I don't know why this this picture of a dog is here though, anymore than anyone else.
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The Marie-Antoinette

JERUSALEM, ISRAEL - NOVEMBER 12:  A museum emp...Image by Getty Images via Daylifehttp://www.crunchgear.com/2008/11/17/ladies-and-gentlemen-the-marie-antoinette/

Follow the link above for some information on a really spectacular watch, the "Marie-Antoinette", and a forthcoming book. I look forward to learning more about the book. It should be an interesting subject.
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Elgin Advertising, 1921

The Chronometer

Modern Navigation dates from 1762, when John Harrison's Chronometer reached the West Indies, after a voyage of sixty-one days, with an error of only five seconds.

The rich prize which Parliament had offered for half a century - twenty thousand pounds sterling - went to Harrison.  His victory, after thirty years of struggle, hinged on his previous invention of the Compensating Pendulum.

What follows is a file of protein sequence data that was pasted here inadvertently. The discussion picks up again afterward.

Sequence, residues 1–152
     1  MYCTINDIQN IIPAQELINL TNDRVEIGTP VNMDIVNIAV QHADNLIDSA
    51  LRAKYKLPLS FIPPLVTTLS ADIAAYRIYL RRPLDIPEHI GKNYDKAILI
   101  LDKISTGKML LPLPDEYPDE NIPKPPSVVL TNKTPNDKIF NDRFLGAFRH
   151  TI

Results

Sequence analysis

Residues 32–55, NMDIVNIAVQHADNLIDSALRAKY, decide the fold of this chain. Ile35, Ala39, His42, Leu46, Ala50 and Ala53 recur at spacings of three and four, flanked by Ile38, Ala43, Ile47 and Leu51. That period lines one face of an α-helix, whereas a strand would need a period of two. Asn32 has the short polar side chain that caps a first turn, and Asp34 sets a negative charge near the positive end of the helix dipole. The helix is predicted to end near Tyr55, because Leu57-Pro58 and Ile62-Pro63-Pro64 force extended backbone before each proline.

Unlike the modern ship's-watch, his timepiece was not suspended in gimbals but carried on a pillow.

The world war set new standards in naval timekeeping.  The torpedo boat, with its terrific vibration, baffled America's experts till Elgin railroad watches were adapted to the service,  And the first acceptable ship's-watches supplied our navy in quantities sufficient to equip the U. S. Emergency Fleets were - as might have been expected -
Elgin Watches

The $150 Corsican in yellow gold - Three fifths actual size - An unretouched photograph

Install Fool-Proof Clock at Illinois

From The American Horologist magazine, October 1938

Install Fool-Proof Clock at Illinois

Champaign, Ill. - The field judge's stop-watch will be a thing of the past at Illinois football games from now on, following the installation of an electric clock in Memorial Stadium.


The time, by quarters, will be official to the fifth of a second, and spectators, as well as players and officials will be able to tell at a glance the time remaining.